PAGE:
Hide and Seek for Stockers

by Jill Dunkel

Stocker operators and order buyers can see the writing on the wall — tough times ahead.
Tough times are not necessarily defined by low prices in this scenario, but more accurately a lack of supply. With the epic drought of 2011, cow numbers are drastically declining upon the heels of one of the lowest calf crops in the United States.
“Sales will get shorter because of the drought. The numbers have been so high so long,” says order buyer Arlis Justice. He operates Justice Farms in southern Arkansas.
“Ranchers have been reducing the numbers of the cow herds all across Texas, Louisiana, Arkansas and Oklahoma. It’s going to be harder to put together cattle, and that in turn could lead to higher ones yet.”
Justice says this is one of the worst droughts he’s experienced, especially with the drought occurring early in the spring, which affected all the spring crops and grasses.
“There will be a lot more cattle sold that have already been sold,” he says. “Producers made one sweep through, and they’re fixing to have to make another. When they get finished, cow numbers will really be down.”
Agricultural Economist Stan Bevers with the Texas AgriLife Extension Service foresees a long term reduction in cow numbers. “I’m going to say this could take at least three to five years to get numbers back to where calves are even starting to be somewhat abundant.
“The shortterm situation here, there are calves available because everyone’s weaning early due to the conditions. But for the next couple of years…the numbers just won’t be there.”
Bevers cites statistics that show this is the smallest calf crop in the United States since 1950, and says declining beef cow numbers has been a continuing trend for the last 40 years.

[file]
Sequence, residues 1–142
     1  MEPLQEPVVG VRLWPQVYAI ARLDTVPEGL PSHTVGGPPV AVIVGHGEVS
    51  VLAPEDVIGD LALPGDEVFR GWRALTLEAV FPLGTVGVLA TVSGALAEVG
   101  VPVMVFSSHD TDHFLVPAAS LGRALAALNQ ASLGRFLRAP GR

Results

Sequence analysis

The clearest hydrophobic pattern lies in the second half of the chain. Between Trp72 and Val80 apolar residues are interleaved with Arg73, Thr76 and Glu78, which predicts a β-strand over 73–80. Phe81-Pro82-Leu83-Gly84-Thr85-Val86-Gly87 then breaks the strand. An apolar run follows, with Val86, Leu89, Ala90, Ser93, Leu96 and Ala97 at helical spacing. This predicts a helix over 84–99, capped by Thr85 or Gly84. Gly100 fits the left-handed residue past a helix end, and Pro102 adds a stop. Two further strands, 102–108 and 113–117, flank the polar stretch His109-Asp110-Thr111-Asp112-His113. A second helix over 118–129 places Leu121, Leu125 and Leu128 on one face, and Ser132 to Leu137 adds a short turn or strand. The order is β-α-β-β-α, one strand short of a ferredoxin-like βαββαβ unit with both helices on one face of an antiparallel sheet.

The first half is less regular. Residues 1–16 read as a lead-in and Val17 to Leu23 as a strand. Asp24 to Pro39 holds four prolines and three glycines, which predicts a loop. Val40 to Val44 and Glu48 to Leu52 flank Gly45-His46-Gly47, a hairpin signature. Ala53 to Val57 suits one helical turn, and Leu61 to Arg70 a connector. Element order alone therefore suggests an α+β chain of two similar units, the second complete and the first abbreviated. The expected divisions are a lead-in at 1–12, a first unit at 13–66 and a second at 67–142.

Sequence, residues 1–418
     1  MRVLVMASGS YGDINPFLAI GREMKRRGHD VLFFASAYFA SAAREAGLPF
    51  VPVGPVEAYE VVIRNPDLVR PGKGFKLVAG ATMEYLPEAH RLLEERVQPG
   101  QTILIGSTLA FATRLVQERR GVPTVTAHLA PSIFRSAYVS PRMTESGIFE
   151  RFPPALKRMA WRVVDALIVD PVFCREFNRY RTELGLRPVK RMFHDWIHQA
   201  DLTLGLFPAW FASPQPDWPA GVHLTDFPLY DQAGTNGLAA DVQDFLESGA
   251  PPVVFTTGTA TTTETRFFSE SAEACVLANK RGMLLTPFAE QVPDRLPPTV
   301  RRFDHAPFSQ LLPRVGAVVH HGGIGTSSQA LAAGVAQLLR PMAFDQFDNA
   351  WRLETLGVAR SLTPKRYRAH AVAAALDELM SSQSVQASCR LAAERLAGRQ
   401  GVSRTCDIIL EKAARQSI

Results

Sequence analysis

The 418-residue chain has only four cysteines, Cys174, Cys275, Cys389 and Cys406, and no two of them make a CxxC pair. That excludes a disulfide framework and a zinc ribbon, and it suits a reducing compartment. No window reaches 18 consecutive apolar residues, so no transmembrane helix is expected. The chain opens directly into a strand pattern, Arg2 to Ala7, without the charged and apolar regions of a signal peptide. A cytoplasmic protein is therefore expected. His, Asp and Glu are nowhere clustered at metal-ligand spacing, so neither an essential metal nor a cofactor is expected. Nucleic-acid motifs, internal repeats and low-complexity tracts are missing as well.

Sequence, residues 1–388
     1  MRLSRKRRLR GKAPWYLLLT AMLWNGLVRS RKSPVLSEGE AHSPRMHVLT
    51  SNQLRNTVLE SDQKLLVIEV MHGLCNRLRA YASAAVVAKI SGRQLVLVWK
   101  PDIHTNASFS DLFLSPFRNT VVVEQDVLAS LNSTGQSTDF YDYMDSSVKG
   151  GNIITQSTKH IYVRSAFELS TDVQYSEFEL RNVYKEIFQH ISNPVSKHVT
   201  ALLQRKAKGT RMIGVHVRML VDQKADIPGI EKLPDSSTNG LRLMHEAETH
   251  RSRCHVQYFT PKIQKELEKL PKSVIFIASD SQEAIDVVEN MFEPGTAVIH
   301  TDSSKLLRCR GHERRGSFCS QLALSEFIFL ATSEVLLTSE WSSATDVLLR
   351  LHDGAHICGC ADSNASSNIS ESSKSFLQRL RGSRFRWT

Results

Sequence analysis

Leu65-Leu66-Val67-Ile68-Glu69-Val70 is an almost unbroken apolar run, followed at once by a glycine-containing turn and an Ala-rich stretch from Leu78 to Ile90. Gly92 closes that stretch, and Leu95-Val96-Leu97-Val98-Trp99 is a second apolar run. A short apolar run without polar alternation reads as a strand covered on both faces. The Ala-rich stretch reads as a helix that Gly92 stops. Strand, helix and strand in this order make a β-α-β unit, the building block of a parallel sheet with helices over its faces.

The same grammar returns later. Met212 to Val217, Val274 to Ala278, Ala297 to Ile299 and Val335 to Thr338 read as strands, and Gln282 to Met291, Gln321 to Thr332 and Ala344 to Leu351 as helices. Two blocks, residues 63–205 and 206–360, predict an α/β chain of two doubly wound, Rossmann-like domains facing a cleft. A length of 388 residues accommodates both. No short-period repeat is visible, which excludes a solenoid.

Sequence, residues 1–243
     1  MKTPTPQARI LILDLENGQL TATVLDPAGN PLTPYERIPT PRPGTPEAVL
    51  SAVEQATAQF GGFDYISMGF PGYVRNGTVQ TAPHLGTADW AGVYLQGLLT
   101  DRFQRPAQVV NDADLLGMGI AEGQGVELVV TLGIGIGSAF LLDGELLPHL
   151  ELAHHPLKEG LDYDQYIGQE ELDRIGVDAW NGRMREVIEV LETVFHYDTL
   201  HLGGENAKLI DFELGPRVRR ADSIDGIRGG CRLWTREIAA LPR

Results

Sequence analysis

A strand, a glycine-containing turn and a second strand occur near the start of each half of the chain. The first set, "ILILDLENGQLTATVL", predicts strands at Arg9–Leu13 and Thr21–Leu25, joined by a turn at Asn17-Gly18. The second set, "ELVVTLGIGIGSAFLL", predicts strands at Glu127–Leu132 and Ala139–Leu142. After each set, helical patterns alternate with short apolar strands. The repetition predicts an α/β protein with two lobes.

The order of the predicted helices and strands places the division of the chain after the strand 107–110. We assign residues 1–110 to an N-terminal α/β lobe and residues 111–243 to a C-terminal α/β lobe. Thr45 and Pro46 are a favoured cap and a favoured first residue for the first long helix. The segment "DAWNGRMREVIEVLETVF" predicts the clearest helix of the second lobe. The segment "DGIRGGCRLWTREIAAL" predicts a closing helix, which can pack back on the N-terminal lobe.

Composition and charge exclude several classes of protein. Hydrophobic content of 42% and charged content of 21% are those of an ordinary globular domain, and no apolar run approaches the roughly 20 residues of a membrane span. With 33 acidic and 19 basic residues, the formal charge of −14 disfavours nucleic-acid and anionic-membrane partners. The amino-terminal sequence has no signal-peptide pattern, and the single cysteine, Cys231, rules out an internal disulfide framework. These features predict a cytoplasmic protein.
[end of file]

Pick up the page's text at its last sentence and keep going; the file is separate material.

“There are three obstacles to rebuilding the cow herd, and drought is not one of them,” Bevers says. “Drought just makes it much worse.”
He believes the competition for land resources from other industry and development, the need for human capital resources, and the rising input costs relative to the maximized production on the cow/calf level all hamper an increase in cow numbers.
“Beef production is up in other stages of the cattle industry, but in the cow/calf sector, how many calves can a cow have in a year? You can’t increase that. This year, the other component is weaning weights. Weather is one of the greatest influence in weaning weights, and this year weaning weights are going to be light. That’s what I mean by maximized production at the cow/calf level.”
Justice questions if rebuilding close to pre-drought numbers will ever take place. “We need younger people rebuilding. A lot of my neighbors are selling out right now, and it would take them 10 years to build back. Prices would have to stay high, and financing would have to be available and stay with them in order to do it. But as it is right now, we don’t have many agricultural financing companies that are willing to do that.”
Justice says that some banks  now are asking for near 100 percent equity on cattle. “Some wouldn’t have to borrow that money, but those who do, it will make it real slow building back.”    ©

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